There are no useless people in the world. Even the worst one can be used as a warning for the others. Alas, this has become a sad axiom in our times.
Last Tuesday, after two weeks of hard work in committees, factions and electoral districts, the fat rosy-cheeked Ukrainian MPs started a new week with a clean conscience.
But everything is relative. Last Tuesday, most of the Ukrainian MPs approved the amendments they would have pulled the “criminal inhuman Yanukovych regime” for a few years ago. But now the regime is democratic, so, everything is OK.
A new law on a once Ukrainian army
What kind of a law is this? Draft amendments to certain legal acts on military service for foreigners and stateless persons. In other words, today any foreigner or stateless person can serve in the army that has until now been called Ukrainian. This is contrary to the constitutional article saying that to protect Ukraine’s independence and territorial integrity is the duty of its citizens. According to the author of the amendments, MP from Yatsenyuk’s People’s Front Dmytro Tymchuk, if a foreigner wants to serve in the Ukrainian army, he is obliged not only to become a citizen of Ukraine but also to stop being a citizen of his native country.
We have already seen a number of high-ranking gastarbeiters acting in the same way.
Tymchuk insists that the amendments comply with the Constitution as the latter does not say that Ukraine’s sovereignty and territorial integrity cannot be protected by foreign citizens. Even more, today to become a Ukrainian citizen, a foreign should live in the country for just three rather than five years.
Let’s not try to understand the motives of those who have drafted the amendments and those who have adopted them. Our concern is if they realize that by doing this they are undermining the fragile Ukrainian statehood.
An army of foreign mercenaries is a death for a state
The Roman Empire began to fall down at the moment it began hiring foreign soldiers. The Romans hoped that the foreigners would help them to protect their empire and so they recruited whole tribes and nations into their army. The Roman citizenship promised lots of preferences, one of them being a political office in Rome. In the Roman Empire the army was politically active, so, once the other government institutions fell down, armed groups began to actively struggle for power. And the most active strugglers were the “new Romans” – foreigners for whom arms were the only solution to any problem. It was they who ruined Rome – when Attila’s Huns and Odoacer’s Barbarians came, the empire was already in ruins.
Ukraine is not Rome. Nor is the Ukrainian citizenship as attractive as was the Roman one. But the future they are preparing for us is similar – ruins.
The way it was, the way it is now
Since 1991 it has been a real temptation for many in Ukraine to turn the army into a weapon for solving personal political and economic problems.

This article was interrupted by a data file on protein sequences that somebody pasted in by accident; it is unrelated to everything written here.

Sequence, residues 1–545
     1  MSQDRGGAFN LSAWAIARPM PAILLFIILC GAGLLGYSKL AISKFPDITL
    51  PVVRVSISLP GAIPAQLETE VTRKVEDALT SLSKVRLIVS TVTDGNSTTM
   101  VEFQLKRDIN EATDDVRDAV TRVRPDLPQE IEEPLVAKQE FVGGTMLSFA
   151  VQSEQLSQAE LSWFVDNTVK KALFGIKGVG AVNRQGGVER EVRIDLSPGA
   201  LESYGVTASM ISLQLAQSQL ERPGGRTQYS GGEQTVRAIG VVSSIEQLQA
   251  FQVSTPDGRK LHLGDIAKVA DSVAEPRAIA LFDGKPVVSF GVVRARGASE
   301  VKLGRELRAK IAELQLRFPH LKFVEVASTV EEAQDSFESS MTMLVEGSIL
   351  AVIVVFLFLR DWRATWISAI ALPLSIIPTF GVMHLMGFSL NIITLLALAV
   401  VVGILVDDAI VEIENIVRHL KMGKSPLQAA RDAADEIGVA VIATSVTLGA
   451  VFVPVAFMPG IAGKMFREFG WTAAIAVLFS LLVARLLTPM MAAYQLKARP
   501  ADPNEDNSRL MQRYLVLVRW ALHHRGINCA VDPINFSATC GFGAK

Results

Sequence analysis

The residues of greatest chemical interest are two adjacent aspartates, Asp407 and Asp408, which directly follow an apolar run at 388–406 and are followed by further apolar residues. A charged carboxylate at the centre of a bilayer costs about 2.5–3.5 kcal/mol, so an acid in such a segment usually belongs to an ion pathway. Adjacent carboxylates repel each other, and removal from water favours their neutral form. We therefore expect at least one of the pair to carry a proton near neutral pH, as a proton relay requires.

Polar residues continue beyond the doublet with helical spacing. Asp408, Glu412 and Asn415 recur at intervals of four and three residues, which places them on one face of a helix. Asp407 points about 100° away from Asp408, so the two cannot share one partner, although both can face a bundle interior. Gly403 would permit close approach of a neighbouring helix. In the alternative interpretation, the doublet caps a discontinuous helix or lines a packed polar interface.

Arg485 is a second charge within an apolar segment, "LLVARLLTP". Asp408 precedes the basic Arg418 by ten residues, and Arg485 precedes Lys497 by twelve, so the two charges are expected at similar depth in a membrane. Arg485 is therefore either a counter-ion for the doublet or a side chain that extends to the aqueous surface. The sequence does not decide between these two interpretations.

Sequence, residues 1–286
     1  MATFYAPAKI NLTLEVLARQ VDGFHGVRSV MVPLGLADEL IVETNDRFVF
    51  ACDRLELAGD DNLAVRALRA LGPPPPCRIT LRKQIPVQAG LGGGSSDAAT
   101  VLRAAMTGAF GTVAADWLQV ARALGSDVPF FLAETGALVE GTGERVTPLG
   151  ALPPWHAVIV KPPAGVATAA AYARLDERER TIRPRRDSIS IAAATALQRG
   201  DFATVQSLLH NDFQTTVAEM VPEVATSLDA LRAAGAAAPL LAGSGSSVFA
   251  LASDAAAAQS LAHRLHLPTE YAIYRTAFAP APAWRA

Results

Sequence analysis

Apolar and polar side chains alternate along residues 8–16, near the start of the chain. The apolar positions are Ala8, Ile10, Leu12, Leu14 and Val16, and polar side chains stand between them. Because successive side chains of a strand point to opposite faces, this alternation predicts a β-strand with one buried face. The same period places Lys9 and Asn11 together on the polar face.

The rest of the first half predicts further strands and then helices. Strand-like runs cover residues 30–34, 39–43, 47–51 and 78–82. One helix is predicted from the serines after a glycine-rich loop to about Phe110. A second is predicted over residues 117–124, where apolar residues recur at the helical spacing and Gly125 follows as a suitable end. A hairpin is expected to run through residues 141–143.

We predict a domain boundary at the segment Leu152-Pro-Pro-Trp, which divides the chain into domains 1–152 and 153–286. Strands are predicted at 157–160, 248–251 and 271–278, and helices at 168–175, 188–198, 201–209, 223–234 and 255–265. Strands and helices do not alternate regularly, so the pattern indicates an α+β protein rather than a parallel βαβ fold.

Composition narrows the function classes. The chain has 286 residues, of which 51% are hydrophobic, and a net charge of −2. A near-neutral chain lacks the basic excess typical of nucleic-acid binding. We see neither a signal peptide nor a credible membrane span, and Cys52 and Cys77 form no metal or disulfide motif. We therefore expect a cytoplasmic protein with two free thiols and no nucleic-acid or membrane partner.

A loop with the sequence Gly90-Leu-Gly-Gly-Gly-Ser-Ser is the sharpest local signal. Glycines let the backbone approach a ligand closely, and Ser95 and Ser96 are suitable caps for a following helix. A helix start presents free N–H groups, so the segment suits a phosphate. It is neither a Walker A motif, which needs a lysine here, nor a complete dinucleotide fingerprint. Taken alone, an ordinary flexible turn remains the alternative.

The first attempts were made in the 1990s. In fact, many of the present-day Ukrainian politicians started their careers in criminal shootouts. In 1993-1995 that criminal debauchery finished – mostly because the newly emerging elites found peaceful solutions to existing problems. But the temptation is still existent and is manifested from time to time as raids, contract killings, large militarized groups guarding both physical and legal entities. All this is ready to come out should there be an order. Those ordering this may chance but the system is the same.
The second big attempt to create a pocket army was undertaken at the time of the first coup, the so-called Orange Revolution, in 2000-2004.
When first emerging in the mid-1990s, the militarized radical youth groups were regarded by many as just some greenhorns playing some game. But now it has become clear that those youths were recruited by specific politicians against rivals and for a future coup. In 2004 some of them formed It’s Time! civic movement – a force that was very similar to the present-day Right Sector.
The third attempt was taken in 2013-2014. As a result, we have armed forces that are able to solve a much wider range of tasks.
Many were shocked to see how well organized and well armed were the young people storming government facilities during the Maidan. Gradually, groups of armed people were turning into volunteers detachments. And in Mar 2014 acting President Oleksandr Turchynov instructed regional administrations to create territorial defense battalions.
It was then that war came in Ukraine.
In the next article, we will discuss what the attempts to keep the war going may lead us to and why the possibility of a new coup seems to be so real now that we are ruled by a “new democratic regime.” We will also analyze what kind of a coup it may be and how it can be prevented.
Andrey Chesnokov (Kiev) specially for EADaily